There are many auto policy options, including full coverage and state minimum liability. Your state’s required minimum liability is the bare bones policy, while a more robust package offers greater protection.
Full coverage refers to liability, comprehensive, and collision. In addition, it offers first-party benefits (as opposed to third-party benefits with liability-only policies) that cover a broader range of scenarios such as vehicle-to-vehicle, vehicle-to-object, and rollover collisions. In contrast, comprehensive covers non-collision-related events like falling tree limbs and natural disasters.
Full coverage car insurance combines comprehensive and collision, offering greater protection than a state minimum liability policy. Any non-collision-related accidents are covered by comprehensive, such as flood damage, animal hits, falling objects, and storms. In addition, collision covers out-of-pocket expenses to your vehicle when it hits another car or object.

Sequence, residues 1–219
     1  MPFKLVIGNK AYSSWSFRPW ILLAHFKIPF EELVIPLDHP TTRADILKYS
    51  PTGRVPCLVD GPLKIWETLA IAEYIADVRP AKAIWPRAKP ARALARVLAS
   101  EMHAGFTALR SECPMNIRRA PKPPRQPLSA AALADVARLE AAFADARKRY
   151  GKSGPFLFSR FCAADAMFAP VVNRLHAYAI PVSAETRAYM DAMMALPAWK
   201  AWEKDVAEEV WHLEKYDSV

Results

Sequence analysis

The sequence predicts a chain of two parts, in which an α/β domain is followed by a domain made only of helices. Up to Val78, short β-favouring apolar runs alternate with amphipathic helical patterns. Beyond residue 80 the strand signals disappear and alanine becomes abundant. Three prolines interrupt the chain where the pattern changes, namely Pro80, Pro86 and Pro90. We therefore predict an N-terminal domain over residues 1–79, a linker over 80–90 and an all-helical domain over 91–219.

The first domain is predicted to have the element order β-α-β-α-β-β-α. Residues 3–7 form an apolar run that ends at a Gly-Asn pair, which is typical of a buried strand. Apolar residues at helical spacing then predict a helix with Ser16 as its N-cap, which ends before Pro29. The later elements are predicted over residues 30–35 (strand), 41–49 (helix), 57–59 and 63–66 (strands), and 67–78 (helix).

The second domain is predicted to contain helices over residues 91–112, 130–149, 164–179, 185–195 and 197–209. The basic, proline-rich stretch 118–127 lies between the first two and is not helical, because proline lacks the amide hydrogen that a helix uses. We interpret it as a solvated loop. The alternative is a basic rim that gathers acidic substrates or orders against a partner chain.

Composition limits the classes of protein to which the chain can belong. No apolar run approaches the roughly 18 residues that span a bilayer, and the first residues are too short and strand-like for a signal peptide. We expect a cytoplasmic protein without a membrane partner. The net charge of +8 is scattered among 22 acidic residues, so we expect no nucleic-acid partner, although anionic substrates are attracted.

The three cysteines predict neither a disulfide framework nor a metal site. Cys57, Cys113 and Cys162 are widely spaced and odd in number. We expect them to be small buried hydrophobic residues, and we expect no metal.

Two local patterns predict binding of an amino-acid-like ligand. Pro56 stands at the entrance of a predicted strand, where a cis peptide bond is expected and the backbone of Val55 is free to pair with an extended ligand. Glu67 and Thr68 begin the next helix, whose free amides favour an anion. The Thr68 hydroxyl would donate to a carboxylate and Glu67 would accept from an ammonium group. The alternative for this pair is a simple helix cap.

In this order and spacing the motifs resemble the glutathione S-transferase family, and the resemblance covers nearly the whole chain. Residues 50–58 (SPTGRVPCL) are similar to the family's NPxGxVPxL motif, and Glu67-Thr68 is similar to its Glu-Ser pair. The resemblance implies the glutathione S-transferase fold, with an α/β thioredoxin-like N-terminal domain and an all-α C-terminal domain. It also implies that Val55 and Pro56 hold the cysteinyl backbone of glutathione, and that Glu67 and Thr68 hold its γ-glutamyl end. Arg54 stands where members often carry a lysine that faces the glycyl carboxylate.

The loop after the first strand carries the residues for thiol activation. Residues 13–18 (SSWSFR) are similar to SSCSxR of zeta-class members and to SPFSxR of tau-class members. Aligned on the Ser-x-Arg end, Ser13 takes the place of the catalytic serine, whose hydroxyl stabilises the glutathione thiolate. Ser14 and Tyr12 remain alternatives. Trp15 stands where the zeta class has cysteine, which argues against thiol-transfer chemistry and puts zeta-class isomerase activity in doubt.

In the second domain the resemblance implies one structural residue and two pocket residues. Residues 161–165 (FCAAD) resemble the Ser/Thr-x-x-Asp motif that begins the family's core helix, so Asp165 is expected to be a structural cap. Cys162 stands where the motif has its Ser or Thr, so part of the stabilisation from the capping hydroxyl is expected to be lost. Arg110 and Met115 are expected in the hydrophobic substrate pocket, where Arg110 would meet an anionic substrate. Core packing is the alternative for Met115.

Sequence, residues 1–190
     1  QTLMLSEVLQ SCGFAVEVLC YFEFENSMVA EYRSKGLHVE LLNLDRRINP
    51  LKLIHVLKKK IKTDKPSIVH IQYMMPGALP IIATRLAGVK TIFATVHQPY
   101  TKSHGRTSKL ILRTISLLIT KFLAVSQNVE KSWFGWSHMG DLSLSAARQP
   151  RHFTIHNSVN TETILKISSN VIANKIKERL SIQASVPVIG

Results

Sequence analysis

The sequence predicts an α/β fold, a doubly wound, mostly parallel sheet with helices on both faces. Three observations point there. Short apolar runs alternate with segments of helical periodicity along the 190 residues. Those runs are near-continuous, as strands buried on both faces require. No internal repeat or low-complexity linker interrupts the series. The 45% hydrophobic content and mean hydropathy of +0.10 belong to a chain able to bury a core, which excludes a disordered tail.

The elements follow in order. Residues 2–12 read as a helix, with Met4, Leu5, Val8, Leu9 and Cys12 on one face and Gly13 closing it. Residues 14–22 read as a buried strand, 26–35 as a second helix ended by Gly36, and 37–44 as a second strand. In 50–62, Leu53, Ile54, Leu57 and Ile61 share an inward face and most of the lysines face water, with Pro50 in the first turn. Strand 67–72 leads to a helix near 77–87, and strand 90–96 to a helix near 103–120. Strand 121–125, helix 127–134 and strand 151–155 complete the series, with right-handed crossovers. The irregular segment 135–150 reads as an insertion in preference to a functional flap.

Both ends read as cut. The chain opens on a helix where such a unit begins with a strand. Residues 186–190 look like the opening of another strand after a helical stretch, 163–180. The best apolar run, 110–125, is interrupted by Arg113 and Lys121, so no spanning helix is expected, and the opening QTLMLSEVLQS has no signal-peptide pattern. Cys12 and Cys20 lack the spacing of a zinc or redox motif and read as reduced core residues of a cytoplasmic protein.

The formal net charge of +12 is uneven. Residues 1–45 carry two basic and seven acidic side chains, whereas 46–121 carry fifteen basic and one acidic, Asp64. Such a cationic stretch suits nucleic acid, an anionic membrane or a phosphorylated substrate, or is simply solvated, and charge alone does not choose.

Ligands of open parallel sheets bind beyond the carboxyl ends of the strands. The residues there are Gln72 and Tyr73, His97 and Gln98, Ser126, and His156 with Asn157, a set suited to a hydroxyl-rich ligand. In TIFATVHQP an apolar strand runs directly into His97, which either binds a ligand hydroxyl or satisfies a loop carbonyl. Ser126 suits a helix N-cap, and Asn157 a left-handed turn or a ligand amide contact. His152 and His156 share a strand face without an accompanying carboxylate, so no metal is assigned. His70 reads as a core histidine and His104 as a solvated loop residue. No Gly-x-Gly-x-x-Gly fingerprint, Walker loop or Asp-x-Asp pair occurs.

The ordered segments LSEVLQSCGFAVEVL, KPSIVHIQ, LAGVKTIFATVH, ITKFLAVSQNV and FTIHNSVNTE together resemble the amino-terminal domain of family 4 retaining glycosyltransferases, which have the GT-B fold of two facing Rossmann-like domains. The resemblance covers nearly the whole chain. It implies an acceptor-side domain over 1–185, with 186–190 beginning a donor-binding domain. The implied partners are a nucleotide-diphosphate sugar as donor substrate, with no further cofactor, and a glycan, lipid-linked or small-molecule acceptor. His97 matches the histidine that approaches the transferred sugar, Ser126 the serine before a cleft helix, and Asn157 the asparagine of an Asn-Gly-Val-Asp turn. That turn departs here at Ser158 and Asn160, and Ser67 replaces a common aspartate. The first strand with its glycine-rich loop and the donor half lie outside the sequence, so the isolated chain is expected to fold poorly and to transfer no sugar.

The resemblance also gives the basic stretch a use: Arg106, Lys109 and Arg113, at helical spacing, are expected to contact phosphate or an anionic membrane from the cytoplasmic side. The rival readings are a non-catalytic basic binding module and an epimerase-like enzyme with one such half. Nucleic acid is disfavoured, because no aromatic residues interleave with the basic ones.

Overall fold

Thanks to the greater number of protections it provides, full coverage generally costs hundreds of dollars more per year than liability coverage.
Drivers may also include other policies like gap, rental car reimbursement, roadside assistance, and uninsured/underinsured motorist coverage.
Whether you have a state minimum liability or full policy, you can select liability limits (minimum or higher) and a deductible amount as low as $500.
State Minimum Liability
State minimum liability refers to bodily injury and property damage. Every state requires minimum liability limits.
For example, California requires a 15/30/5 policy and Texas has higher mandated liability limits of 30/60/25. The first number stands for bodily injury liability per person, the second for bodily injury liability for accident, and the third represents property damage liability per accident.
If you can afford it, go for higher liability limits. A single at-fault accident today may easily result in $55,000 worth of medical expenses and $34,000 worth of property damage, all of which would blow past California’s minimums — forcing opposing drivers to file lawsuits to recover the rest.
Garnished wages, seized assets and other ways of fund recovery are not out of the question. Consider a 100/300/100 policy for greater peace of mind.